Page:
Inherited Liver Diseases
Alpha-1 Antitrypsin Deficiency
In this inherited liver disease an important liver protein known as alpha-1 antitrypsin is either lacking or exists in lower than normal levels in the blood. People with alpha-1 antitrypsin deficiency are able to produce this protein; however, the disease prevents it from entering the bloodstream and it instead accumulates in the liver.
Alpha-1 antitrypsin protein protects the lungs from damage due to naturally occurring enzymes. When the protein is too low or non-existent, the lungs can become damaged, leading to difficulty breathing and, in about 75% of the people with the condition, emphysema. People with this disease are also at risk of developing cirrhosis.
What Are the Symptoms of Alpha-1 Antitrypsin Deficiency?
The first symptoms of alpha-1 antitrypsin deficiency will usually be symptoms of its effects on the lungs, including shortness of breath or wheezing. Unexplained weight loss and a barrel-shaped chest, which is commonly associated with the presence of emphysema, are also signs of the condition. As the disease progresses, symptoms typical of emphysema or cirrhosis may appear. and include:
- Chronic cough
- Swelling of the ankles and feet
- Jaundice (yellowing of the skin)
- Fluid in the abdomen (ascites)
How Is Alpha-1 Antitrypsin Deficiency Diagnosed and Treated?
Physical signs, such as a barrel-shaped chest and respiratory problems, may lead your doctor to suspect alpha-1 antitrypsin deficiency. A blood test that tests specifically for the alpha-1 antitrypsin protein will help confirm the diagnosis.
There is no established treatment to cure alpha-1 antitrypsin deficiency but it can be treated by replacing the protein in the bloodstream. However, experts are not clear on how effective this technique is and who should receive it. Other approaches to treating alpha-1 antitrypsin deficiency involve treating the complications such as emphysema and cirrhosis. This includes antibiotics to combat respiratory infections, inhaled medication to make breathing easier, and diuretics and other measures to reduce any fluid build up in the abdomen.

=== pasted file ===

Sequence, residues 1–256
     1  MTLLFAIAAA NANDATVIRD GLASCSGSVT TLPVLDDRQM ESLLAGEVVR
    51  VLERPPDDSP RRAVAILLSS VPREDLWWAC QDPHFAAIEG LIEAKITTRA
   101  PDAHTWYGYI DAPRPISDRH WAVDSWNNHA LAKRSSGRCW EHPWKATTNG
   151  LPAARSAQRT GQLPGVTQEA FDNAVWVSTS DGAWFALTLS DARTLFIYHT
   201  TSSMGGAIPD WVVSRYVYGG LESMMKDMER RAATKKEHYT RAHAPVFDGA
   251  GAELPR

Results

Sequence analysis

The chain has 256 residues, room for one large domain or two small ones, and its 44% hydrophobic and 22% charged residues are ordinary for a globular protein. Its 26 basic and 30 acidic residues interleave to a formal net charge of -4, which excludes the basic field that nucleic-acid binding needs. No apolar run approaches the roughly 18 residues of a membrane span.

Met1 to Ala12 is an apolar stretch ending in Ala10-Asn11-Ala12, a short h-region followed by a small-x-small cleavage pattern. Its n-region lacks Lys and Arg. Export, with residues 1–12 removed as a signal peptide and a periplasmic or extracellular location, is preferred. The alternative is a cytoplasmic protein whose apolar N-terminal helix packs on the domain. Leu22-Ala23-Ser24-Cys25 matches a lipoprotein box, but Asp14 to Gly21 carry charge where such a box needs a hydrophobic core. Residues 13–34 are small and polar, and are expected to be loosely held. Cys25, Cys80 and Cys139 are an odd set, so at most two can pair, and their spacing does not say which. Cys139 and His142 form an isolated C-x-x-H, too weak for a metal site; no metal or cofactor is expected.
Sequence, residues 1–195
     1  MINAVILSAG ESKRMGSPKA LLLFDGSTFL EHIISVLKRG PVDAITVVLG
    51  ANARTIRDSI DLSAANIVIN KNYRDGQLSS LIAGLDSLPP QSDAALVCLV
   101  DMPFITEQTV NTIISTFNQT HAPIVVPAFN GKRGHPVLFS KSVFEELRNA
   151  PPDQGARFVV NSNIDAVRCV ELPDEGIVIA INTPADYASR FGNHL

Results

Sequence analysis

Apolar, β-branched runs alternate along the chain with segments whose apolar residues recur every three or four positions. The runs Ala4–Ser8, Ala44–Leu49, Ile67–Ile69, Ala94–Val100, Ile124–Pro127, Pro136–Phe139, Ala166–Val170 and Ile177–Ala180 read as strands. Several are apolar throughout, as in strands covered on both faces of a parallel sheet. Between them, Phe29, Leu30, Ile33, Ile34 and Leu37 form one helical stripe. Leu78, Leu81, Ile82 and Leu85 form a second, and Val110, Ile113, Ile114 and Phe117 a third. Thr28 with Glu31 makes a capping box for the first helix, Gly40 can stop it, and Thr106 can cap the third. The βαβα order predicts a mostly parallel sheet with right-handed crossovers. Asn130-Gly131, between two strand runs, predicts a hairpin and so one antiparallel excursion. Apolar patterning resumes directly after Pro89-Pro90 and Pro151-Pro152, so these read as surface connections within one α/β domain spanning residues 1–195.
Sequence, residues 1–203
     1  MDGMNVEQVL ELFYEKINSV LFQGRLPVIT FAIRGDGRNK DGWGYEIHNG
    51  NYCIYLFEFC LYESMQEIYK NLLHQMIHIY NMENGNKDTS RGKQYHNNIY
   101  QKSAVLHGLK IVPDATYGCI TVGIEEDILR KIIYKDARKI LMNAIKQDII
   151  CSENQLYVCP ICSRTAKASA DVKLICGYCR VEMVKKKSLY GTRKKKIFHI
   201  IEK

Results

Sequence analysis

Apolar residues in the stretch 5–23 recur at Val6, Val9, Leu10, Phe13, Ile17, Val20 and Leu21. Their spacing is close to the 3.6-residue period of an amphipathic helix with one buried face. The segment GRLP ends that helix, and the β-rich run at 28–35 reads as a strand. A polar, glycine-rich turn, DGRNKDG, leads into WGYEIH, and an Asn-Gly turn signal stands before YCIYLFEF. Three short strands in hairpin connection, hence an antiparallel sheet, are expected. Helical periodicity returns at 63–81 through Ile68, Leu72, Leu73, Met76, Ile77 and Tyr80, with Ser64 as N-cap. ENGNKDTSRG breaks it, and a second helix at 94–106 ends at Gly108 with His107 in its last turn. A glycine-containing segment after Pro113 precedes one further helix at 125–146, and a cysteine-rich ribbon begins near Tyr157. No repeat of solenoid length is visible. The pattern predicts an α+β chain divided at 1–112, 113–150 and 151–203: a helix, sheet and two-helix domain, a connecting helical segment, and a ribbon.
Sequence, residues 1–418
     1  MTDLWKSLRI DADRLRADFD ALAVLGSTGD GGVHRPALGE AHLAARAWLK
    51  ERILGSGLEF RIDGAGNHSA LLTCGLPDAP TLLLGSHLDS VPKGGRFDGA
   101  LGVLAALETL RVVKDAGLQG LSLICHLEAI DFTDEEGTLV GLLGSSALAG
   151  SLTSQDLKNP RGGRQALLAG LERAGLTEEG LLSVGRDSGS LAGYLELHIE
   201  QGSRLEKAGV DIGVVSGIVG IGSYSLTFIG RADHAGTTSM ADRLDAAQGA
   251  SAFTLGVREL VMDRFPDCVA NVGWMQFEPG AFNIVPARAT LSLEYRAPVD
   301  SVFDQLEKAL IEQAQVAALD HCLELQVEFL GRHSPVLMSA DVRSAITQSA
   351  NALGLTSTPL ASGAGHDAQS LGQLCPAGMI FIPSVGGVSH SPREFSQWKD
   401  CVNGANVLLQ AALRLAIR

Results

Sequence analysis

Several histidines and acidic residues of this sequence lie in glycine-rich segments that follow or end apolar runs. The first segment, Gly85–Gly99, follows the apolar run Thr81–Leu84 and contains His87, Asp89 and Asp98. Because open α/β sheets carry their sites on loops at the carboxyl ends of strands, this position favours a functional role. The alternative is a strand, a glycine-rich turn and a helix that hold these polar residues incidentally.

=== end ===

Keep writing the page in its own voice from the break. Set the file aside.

Personal behavior, such as avoiding alcohol, quitting smoking, and eating a healthy diet, can also help keep symptoms and complications from becoming severe. Your health care provider or dietitian can recommend a diet that is right for you.
Because the disease affects the lungs, people with the condition are more prone to respiratory infections. Therefore both flu and pneumonia vaccinations are recommended to help prevent these infections. If you feel you are developing a cold or cough, contact your health care provider immediately so treatment can begin as soon as possible. Occasionally the lungs or liver deteriorates despite treatment. In such cases, a liver transplant may be needed.